Sunday March 5 9:00 am to 4:30 p.m.
One of our younger clients, two-year-old Aydin, came to us unable to walk, crawl or even pull up due to a brachial-plexus injury.
Physical Therapy at Children’s Hospital of Alabama had taken him as far as they could and suggested therapeutic riding.
TROT is the only facility in Alabama who will accept children this young. Waiting another two years for him to qualify for treatment at other facilities may have resulted in significant loss of ability to function.
After only eight sessions, he actually walked to and from the car to the barn, holding his father’s hand. He was greeted with a rousing round of applause and a few tears by the barn team.
He will soon no longer require his physical therapy sessions, and his therapists at Children’s are excited about his progress.
“When Amy started riding, she required the assistance of two side walkers. After only 18 months of therapy at TROT, she had her first independent ride with no side walkers. She couldn’t stop smiling!”
Her physical therapists are amazed at the rapid improvement in core strength, and her physician is impressed by her overall improvement in physical condition.
70-year-old Betty was referred because her diabetes was no longer manageable with medications.
She began to engage in the physical and emotional exercises at TROT, and now is off of her insulin. She is looking forward to stopping other medications as well.
65-year-old Tonya had several joint replacement surgeries. She struggled with her weight and had been told she would need to start insulin if she could not get blood levels under control.
She was unable to engage in traditional exercise due to joint pain, and often engaged in binge-eating to manage her stress.
Participating in therapeutic riding strengthened her core, enabled her to get much needed exercise and eventually impacted her food choices. She has lost 60 lbs and is well on her way to health and reduced reliance on medications.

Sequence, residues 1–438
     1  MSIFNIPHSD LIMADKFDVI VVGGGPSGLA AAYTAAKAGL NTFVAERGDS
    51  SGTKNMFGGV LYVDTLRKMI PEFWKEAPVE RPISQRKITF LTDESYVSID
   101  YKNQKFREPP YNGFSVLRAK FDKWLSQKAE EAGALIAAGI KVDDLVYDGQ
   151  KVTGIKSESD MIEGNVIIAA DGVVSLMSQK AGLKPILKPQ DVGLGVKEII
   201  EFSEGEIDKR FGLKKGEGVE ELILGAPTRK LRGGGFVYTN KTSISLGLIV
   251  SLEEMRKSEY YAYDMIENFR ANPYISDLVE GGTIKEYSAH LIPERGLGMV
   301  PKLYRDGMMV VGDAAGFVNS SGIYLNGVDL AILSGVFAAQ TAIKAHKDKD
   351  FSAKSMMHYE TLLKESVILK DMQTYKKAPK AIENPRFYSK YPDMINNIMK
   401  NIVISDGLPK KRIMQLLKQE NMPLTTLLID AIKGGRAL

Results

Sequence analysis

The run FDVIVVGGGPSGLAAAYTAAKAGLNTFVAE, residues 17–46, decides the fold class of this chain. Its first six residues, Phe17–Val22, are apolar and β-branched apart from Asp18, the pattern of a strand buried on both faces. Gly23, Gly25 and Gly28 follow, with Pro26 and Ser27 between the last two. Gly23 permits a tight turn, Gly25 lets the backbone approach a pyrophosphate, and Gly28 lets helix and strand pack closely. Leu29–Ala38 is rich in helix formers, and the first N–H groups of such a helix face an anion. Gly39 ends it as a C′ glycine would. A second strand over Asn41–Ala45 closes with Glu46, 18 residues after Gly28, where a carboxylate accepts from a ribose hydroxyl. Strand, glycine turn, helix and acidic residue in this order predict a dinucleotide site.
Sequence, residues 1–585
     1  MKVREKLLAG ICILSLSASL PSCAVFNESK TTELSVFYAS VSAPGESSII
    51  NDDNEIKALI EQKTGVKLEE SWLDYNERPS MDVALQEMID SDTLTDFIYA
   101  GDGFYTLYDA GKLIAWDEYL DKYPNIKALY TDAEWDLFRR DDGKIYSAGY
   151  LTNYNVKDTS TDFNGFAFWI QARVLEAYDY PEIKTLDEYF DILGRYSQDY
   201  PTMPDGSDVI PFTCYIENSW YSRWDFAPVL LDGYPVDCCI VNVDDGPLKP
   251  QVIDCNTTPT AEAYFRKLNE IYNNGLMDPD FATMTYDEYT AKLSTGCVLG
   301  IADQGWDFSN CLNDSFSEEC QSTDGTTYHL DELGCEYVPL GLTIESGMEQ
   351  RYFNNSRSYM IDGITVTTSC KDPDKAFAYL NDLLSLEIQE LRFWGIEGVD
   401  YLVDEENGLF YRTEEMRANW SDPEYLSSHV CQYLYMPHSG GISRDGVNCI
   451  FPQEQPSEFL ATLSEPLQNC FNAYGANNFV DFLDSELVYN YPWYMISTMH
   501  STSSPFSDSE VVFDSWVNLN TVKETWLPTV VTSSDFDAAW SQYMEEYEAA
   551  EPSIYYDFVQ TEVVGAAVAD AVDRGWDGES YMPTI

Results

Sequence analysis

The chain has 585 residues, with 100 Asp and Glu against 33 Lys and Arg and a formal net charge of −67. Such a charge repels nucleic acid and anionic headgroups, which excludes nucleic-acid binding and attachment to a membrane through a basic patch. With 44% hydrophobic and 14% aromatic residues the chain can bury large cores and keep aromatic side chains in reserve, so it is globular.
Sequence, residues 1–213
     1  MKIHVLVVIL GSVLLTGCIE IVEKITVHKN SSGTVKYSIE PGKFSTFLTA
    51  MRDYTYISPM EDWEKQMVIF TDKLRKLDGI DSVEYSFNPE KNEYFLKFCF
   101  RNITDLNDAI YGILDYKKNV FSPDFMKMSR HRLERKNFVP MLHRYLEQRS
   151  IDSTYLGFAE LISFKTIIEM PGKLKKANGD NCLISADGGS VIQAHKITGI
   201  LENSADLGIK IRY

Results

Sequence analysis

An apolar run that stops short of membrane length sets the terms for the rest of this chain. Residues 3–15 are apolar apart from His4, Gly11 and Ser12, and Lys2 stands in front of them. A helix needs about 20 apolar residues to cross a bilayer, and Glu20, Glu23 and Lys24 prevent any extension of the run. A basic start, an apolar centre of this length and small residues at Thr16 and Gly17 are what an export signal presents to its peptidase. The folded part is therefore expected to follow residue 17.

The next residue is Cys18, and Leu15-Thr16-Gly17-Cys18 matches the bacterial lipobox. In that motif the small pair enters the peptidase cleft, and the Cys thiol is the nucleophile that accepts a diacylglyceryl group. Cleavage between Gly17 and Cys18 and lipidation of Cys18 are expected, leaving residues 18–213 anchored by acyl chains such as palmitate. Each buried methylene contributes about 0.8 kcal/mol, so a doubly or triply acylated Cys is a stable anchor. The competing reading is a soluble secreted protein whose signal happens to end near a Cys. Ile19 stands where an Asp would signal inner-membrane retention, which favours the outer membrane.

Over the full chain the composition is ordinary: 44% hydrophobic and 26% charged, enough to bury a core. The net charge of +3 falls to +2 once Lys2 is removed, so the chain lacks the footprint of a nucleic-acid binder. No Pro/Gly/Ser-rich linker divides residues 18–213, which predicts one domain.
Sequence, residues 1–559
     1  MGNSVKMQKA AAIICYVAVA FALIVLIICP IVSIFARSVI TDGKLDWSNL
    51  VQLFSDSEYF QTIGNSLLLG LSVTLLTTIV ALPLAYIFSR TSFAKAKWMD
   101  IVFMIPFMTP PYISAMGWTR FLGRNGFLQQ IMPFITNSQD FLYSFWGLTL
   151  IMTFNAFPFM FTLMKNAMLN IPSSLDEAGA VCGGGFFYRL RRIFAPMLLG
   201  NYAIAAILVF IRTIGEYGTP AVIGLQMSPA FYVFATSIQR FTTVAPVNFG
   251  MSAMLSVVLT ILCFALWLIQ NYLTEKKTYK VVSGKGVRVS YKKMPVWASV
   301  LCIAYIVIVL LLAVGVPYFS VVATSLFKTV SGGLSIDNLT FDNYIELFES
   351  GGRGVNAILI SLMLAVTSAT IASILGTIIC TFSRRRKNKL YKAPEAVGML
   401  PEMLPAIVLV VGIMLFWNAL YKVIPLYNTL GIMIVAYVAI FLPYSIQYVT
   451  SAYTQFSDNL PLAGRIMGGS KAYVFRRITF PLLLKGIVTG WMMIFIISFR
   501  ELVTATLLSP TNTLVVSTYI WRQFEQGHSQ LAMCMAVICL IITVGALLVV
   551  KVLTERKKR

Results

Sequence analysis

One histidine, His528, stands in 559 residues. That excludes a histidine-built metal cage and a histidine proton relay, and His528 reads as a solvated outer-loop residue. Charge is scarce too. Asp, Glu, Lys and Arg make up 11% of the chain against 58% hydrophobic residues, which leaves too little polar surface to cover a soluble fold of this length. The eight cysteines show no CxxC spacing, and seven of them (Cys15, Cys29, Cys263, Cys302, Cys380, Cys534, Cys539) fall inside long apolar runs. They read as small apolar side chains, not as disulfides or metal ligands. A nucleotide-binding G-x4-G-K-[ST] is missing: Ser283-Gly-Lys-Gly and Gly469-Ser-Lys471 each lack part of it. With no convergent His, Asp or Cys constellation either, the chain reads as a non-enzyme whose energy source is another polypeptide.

The parents of sixteen-year-old Franklin were frustrated at their son’s reluctance to learn to drive.
His autism made driving overwhelming for him. They feared that he would always be dependent on others for transportation.
After 6 months of riding he tentatively agreed to drive the farm Ranger. After only a few sessions driving it, he agreed to take driver’s ed classes and is now driving himself to his college classes.
Franklin stated, “the confidence I got in being able to steer a living animal with its own free will made me see how I could drive a car, too. And I learned how to tune out all the stuff around me so I could pay attention to steering the horse, making it go fast and slow, and well, it was just like driving.”
Andy was born with a heart defect. During his fifth surgery attempting to correct the defect, he had a stroke.
He had no use of his arms or legs.
After spending a year on a feeding tube, his parents brought him to TROT. TROT was the only center that would accept him at two years old. Others in the region require that children be at least four years old.
Three years later he went to school, proudly walking down the hallway using his walker.
Brittany was always shy because her cerebral palsy kept her from engaging in some of the other activities the kids at school participated in. Her gait was odd, and sometimes she had trouble managing her hands.
But after 24 months of lessons at TROT, her gait is much improved, she rarely drops things anymore, and she even decided to go out for the school softball team.
And guess what – She was picked to be on the team! “Her confidence has skyrocketed, and she is making new friends. All due to what she learned at TROT.”
Sunday March 5 9:00 am to 4:30 p.m.